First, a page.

STILLWATER, Okla. (KFOR) – As football season gets underway, Oklahoma State University is using a virtual mentoring and educational network to teach trainers and other sports medicine providers at schools across the state.

OSU says it’s all about best practice health care for student athletes.

“There’s a reason they’re playing sports in the first place,” Executive Director for the Human Performance and Nutrition Research Institute Lance Walker said. “They’re not having any fun if they’re getting injured, right? So, let’s get them back safely, effectively and properly.”

Walker said ECHO training can help do just that.

“What we’re doing here is a health extension in a more virtual way,” he said.

It’s virtual training for trainers, sports medicine providers, doctors, and even parents to spot and deal with concussions and any other sports injuries. Then, it comes down to understand what’s involved in healing and rehab. It’s also about training for athletes and keeping them away from injuries in the first place.

“Literally surround them with a team of experts to elevate them, to really empower and support them in their day to day practice,” Walker said.

Their research shows 55 percent of pediatric athletes who suffer concussions are not seen by a medical professional. Also, concussions make up 15 percent of all reported sports related trauma in high school. However, that same data shows this number is an underestimate due to the lack of self-reporting by student-athletes of their concussion symptoms or the lack of recognition of the injury by coaches, parents or health care professionals.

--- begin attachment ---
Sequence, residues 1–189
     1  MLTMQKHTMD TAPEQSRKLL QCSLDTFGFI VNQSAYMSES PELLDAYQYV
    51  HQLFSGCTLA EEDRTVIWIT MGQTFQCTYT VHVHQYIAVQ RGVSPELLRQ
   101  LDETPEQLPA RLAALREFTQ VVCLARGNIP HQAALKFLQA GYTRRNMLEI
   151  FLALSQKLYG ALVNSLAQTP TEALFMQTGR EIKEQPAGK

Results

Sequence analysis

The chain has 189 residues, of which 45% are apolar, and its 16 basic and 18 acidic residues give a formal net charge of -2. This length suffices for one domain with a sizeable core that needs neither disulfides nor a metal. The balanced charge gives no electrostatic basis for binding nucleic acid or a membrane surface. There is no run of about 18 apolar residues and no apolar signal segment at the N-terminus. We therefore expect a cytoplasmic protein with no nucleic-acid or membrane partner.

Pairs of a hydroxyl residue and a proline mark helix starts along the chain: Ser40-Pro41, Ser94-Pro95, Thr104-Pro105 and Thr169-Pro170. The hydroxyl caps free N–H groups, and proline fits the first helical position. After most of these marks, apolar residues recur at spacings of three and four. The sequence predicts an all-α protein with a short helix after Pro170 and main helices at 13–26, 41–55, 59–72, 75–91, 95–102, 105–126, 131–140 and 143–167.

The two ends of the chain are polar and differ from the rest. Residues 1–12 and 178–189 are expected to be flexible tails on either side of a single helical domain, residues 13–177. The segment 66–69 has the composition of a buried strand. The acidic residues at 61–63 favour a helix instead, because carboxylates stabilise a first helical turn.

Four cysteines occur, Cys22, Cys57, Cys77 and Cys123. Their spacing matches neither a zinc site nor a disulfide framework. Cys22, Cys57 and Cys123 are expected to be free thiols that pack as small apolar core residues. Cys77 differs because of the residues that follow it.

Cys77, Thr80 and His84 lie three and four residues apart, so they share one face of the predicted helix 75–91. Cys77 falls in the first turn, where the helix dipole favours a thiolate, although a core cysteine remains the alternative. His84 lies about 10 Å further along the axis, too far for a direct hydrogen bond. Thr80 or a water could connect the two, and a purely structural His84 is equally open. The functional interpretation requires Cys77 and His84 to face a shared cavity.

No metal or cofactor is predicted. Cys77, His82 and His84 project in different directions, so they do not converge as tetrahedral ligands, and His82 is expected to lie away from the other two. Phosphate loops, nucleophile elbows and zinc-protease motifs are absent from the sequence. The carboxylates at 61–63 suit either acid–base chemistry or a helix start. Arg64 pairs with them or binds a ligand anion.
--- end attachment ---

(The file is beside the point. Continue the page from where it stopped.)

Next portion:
“We’ve learned so much, even just in the last four or five years about concussion and concussion specifically in the younger athletes that we’re seeing a rise on that,” Walker said.

Walker said the training is also a massive deal for those in rural areas of the state. Those residents may not have the same access to this kind of information or even have enough staff to take care of their kids.

“Imagine, if you will, a provider in a rural community in the state of Oklahoma that would love to have access to all the great things and access points that we have right here on campus for our elite athletes,” Walker said. “Let’s bring that to them virtually through this extension.”

In the end, Walker hopes that the best practice training ECHO provides results in healthier athletes in the long term.

“They’re going to have a better chance of being an active, healthier adult potentially,” he added.

Walker said trainers, physicians, coaches and even administrators from over 40 of the 77 counties have been represented in the virtual training.

“The second and fourth Wednesday of every month we have this athletic training, sports medicine, echo, and it’s open to the public,” he noted. “You can sign up and register online on Project Echo or go to the website and get involved. You can either get involved as just an innocent bystander in the background. If you’ve got an athletic trainer in your school and has not heard about Echo, please alert them that this is happening. This is a great resource for them.”

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